Flexible Spending Accounts may be on the path to extinction unless the Cadillac tax is repealed. This comes after the Kaiser Family Foundation has weighed in on the issue with projections of the number of employer sponsored plans that would trigger the tax if they remain unchanged by 2018, when the tax kicks in.

Before we delve into the ramifications, let’s take a quick look at what FSAs are, exactly.

FSAs allow employees to contribute pre-tax dollars (up to $2,550 in 2015) to pay for out-of-pocket health care expenses — including deductibles, copayments and other qualified medical, dental or vision expenses not covered by the individual’s health insurance plan.

Last fall the U.S. Treasury Department issued new rules that let employers offer employees the $500 carryover. Previously, unused employee FSA contributions were forfeited to the employer at the end of the plan year or grace period, which industry insiders say were a barrier to adoption. The rule went into effect in 2014.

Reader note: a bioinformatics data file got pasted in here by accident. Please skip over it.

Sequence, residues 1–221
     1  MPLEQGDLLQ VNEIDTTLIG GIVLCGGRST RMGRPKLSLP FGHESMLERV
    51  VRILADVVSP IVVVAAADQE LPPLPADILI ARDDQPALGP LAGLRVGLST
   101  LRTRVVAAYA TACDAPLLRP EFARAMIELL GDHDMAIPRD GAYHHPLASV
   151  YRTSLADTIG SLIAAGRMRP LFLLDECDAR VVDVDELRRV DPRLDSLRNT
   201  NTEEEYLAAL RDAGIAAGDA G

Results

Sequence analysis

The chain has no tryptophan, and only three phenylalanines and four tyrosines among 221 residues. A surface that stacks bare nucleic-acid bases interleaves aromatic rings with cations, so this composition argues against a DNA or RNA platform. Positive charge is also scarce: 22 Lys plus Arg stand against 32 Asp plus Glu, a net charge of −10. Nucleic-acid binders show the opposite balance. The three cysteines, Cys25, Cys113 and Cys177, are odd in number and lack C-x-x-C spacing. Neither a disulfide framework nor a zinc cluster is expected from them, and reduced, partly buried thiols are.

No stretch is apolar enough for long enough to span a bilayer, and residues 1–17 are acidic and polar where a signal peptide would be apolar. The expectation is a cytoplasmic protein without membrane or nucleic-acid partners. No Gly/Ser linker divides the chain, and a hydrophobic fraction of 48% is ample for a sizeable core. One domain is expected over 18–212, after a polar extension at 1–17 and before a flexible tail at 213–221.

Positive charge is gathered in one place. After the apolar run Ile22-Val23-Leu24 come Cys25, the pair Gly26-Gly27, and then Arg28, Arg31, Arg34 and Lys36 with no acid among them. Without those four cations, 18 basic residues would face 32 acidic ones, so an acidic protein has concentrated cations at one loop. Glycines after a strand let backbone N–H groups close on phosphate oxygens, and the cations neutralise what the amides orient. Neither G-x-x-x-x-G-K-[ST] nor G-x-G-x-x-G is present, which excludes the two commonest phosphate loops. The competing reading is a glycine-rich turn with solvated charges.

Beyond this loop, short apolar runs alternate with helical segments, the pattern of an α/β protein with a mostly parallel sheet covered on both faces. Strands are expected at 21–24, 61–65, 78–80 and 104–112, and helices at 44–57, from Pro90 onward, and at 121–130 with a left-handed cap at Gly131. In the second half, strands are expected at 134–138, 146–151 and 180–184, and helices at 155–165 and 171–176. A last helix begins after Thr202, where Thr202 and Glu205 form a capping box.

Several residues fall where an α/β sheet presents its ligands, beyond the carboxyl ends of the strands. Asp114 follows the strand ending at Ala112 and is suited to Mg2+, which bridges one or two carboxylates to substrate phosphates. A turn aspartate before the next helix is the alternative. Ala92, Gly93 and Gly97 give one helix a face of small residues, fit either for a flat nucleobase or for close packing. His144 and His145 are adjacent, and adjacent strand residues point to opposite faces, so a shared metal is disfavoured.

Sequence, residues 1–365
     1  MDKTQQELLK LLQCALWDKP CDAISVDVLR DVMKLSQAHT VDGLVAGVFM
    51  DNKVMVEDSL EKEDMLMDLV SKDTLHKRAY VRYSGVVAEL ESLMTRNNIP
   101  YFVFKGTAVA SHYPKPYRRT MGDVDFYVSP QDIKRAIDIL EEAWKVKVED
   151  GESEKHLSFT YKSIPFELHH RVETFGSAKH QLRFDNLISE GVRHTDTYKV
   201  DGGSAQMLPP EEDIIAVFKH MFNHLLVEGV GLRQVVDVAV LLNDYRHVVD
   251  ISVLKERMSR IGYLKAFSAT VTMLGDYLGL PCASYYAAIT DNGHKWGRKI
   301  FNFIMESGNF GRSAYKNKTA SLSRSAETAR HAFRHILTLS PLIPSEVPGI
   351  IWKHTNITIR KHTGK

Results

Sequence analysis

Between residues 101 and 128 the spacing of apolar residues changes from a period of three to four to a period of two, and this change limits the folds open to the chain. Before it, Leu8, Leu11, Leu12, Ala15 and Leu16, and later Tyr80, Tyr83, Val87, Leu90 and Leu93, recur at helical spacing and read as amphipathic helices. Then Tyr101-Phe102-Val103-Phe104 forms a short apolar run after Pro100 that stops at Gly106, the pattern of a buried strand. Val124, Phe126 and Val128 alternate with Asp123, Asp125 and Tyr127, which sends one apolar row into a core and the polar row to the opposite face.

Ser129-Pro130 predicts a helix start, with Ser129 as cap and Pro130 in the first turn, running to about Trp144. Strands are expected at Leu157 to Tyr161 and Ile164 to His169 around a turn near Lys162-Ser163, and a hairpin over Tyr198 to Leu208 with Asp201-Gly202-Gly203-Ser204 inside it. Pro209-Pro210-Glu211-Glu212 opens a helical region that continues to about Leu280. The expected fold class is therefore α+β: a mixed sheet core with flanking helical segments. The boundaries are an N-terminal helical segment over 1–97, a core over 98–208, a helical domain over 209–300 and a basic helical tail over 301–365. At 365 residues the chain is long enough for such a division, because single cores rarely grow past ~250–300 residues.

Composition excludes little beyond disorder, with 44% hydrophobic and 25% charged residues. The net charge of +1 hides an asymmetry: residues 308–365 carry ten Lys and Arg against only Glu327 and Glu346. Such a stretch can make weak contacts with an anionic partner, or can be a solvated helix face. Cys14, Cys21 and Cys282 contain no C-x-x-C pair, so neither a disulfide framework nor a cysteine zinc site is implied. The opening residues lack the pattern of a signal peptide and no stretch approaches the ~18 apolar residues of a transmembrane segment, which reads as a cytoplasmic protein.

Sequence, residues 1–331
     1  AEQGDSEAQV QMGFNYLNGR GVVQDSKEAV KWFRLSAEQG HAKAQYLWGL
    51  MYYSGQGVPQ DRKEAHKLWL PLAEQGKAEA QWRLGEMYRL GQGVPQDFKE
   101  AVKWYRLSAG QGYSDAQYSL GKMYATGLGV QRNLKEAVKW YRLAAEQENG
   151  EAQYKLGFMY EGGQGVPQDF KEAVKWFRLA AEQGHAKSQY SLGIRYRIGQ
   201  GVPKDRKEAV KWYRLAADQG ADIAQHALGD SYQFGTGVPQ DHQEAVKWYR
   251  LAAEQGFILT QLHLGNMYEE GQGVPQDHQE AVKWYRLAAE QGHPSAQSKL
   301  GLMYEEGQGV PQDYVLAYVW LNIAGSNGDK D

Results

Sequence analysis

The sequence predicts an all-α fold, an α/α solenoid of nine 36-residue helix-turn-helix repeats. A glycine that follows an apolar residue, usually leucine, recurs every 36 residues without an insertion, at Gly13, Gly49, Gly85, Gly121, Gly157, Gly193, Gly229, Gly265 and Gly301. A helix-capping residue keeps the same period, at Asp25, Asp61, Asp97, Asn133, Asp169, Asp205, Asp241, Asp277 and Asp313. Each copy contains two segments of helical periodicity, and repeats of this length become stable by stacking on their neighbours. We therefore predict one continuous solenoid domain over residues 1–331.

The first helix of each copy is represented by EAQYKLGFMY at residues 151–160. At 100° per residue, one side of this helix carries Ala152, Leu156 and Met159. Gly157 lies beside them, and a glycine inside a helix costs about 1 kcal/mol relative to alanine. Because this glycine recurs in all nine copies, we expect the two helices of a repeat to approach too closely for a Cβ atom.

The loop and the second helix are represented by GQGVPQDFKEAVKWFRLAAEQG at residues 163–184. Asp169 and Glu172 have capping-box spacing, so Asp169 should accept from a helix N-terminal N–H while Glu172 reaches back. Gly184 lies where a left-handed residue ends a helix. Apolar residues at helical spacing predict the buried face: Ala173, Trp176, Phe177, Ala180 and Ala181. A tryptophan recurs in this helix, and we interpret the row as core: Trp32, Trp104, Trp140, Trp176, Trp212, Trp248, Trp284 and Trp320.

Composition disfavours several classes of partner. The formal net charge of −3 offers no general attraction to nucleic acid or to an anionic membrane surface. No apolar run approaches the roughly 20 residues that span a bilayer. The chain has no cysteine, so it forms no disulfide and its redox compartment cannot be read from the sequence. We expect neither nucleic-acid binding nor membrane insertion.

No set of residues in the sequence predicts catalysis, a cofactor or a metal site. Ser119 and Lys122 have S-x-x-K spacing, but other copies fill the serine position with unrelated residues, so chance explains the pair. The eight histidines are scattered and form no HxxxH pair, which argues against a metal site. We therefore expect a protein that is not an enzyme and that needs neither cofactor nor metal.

Approximately 35 million utilize an FSA.

From their report, Kaiser shows 16% of respondent plans without an FSA component would exceed the $10,200 individual coverage threshold in 2018. However, 26% of those plans including an FSA would trigger the tax.

When viewed by size of company, the large company plans with FSA options are especially vulnerable to the tax: 46% would trigger the tax in 2018.

What does this mean for benefit plans moving forward?

We concur with the KFF, and cutbacks will likely occur in one of two areas: either FSA plans will be eliminated, or other pre-tax ancillary benefits (such as critical illness or hospital indemnity plans). The decision will come down to whether or not the core health insurance options, and the effect on the employee work force.

Clear as mud? Call us and we can begin strategizing to implement the coming changes within the benefits landscape.

Until next week,

Keith Leitzen
President, Reliant Edge Solutions, Inc.
Phone – 815.790.3482

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